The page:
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AAS 380 / AMS 382: Public Policy and the U.S. Racial State

Using secondary sources to find primary sources

The quest for primary sources can often start from reading a good academic book on your topic.  In addition to the sources listed below, you may find others of interest by checking the footnotes, endnotes and bibliography of a published secondary source.

Finding primary sources in library catalogs

​Start with a keyword search in the Catalog.  If you find something that looks useful, look at the detailed view of the catalog record and try to identify the "subject" assigned. For many topics, there's an official term used in all library catalogs, like:

  • Public housing
  • Discrimination in criminal justice administration--United States
  • Police misconduct—United States—Prevention
  • Drug control—United States
  • Racism in education—United States
  • Criminal justice, Administration of—Political aspects—United States
  • African American high school students--Education--United States


Then, do the Subject search with the authorized Subject heading.  You may wish to include one of these words as a keyword or a subject:

  • statistics
  • surveys
  • sources


  • To find the papers of an individual, search for that person as an author, e.g. Johnson, Charles Spurgeon
  • To find the records of an organization or government body, use the name of the organization as an author e.g. National Urban League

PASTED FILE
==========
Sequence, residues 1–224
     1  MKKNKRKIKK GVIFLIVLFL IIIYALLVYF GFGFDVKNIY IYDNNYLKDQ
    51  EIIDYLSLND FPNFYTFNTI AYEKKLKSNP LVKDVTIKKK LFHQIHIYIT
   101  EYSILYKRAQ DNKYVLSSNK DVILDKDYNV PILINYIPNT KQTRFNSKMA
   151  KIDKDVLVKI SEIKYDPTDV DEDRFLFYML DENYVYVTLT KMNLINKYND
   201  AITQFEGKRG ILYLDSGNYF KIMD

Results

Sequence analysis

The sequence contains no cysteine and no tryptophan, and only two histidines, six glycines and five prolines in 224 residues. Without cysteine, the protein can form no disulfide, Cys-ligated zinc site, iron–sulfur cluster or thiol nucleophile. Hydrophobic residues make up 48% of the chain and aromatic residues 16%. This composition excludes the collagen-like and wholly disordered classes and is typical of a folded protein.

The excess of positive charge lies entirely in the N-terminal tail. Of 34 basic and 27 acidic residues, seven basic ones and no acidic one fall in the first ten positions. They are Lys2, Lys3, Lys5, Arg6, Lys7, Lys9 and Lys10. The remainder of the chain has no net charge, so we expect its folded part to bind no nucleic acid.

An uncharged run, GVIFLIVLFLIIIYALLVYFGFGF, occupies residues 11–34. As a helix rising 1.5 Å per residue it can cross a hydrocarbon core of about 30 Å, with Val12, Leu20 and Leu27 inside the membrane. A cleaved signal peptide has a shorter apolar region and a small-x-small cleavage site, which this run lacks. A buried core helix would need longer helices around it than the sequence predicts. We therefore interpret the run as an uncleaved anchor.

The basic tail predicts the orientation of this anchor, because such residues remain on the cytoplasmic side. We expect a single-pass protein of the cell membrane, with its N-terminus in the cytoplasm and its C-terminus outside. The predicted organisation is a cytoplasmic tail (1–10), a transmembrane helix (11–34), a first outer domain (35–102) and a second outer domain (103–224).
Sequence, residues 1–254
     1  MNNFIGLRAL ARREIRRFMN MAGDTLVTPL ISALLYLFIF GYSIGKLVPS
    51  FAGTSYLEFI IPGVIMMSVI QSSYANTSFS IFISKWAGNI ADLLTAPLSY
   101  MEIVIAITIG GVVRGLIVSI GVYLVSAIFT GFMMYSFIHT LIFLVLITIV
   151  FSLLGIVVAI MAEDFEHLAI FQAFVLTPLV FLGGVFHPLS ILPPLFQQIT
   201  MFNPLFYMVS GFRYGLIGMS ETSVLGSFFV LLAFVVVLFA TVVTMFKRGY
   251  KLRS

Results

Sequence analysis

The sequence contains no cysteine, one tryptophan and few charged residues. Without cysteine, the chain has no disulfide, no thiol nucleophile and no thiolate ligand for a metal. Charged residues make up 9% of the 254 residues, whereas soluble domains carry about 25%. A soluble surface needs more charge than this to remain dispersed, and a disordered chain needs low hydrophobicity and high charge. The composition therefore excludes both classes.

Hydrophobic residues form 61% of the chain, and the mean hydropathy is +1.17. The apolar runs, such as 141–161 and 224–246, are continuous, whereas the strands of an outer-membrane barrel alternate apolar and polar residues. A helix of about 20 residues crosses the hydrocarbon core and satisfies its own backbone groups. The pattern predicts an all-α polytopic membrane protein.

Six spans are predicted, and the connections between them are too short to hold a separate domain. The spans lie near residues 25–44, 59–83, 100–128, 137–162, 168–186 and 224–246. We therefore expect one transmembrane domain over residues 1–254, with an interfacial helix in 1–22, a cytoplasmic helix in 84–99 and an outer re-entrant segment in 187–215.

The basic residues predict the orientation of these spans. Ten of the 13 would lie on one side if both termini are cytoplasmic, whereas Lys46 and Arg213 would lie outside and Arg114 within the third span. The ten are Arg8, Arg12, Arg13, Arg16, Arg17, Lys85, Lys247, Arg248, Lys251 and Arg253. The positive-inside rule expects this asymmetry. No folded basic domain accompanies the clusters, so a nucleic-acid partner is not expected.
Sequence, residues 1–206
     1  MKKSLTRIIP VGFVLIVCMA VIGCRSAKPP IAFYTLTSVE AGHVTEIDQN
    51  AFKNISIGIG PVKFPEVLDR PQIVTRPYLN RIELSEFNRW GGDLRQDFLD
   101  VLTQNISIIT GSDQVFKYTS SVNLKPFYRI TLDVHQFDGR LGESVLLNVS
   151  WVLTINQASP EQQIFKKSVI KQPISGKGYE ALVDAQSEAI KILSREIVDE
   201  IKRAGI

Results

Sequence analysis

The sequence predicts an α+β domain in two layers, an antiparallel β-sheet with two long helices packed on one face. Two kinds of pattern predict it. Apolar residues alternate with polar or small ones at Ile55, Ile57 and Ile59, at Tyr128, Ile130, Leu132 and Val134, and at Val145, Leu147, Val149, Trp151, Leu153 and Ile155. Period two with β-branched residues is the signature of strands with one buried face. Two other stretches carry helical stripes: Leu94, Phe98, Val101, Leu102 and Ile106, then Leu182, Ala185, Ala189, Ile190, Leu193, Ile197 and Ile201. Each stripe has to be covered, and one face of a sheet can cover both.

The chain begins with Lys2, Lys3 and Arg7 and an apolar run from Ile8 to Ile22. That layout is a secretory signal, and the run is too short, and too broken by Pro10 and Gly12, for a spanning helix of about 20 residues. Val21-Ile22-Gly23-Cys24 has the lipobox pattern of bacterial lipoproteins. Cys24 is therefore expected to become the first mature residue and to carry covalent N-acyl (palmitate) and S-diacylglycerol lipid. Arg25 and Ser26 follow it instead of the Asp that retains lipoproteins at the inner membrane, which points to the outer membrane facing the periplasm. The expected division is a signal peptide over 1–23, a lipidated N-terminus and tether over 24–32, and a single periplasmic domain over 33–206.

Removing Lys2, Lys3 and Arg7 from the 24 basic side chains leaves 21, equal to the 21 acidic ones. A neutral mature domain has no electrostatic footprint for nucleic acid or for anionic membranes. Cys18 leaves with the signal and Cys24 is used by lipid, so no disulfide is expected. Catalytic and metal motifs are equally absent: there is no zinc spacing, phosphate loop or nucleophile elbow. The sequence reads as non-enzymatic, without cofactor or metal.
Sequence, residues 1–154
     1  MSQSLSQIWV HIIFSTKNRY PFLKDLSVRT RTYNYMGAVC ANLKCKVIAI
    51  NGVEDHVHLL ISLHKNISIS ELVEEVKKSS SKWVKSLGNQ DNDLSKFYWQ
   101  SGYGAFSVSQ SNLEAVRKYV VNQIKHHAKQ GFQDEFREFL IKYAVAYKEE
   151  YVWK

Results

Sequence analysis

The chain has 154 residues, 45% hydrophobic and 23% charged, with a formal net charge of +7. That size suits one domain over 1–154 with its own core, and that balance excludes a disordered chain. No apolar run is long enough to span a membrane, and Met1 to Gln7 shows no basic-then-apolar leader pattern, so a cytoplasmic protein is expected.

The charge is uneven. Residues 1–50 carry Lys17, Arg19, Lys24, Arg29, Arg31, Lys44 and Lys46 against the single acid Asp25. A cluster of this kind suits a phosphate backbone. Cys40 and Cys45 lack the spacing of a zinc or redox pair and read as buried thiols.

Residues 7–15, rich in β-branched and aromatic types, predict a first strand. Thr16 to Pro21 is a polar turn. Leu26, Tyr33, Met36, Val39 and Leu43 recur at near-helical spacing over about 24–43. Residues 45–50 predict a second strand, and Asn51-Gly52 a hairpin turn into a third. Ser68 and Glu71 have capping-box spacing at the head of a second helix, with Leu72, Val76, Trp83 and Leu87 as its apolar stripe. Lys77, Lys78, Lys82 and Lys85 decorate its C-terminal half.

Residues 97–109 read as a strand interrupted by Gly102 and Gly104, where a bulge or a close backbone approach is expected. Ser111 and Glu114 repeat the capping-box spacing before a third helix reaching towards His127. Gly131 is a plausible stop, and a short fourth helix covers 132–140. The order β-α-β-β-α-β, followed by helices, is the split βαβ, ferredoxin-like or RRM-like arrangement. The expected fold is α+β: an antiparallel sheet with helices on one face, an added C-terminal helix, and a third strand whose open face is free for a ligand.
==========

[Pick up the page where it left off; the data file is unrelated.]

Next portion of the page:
• To find a U.S. government document, do an Advanced Search that combines your keywords with the Author "United States"

To find works published in a particular time and place, explore the search options. It is usually possible to limit your search by date, language, or location of publication. 

Please also explore the shelves in the African American Studies Reading Room, which has a number of compilations of primary source documents.  Some examples include:


Digital Primary Sources - general

Digital Primary Sources - government documents

Digital Primary Sources - newspapers, periodicals, and ephemera

Digital Primary Sources - papers of political and social movements

Digital Primary Sources - economic and social data

Manuscript collections in Princeton University Library

Princeton University Library has a number of collections of manuscripts that reflect African American history.  You may search the list of Finding Aids at

Some collections of note include: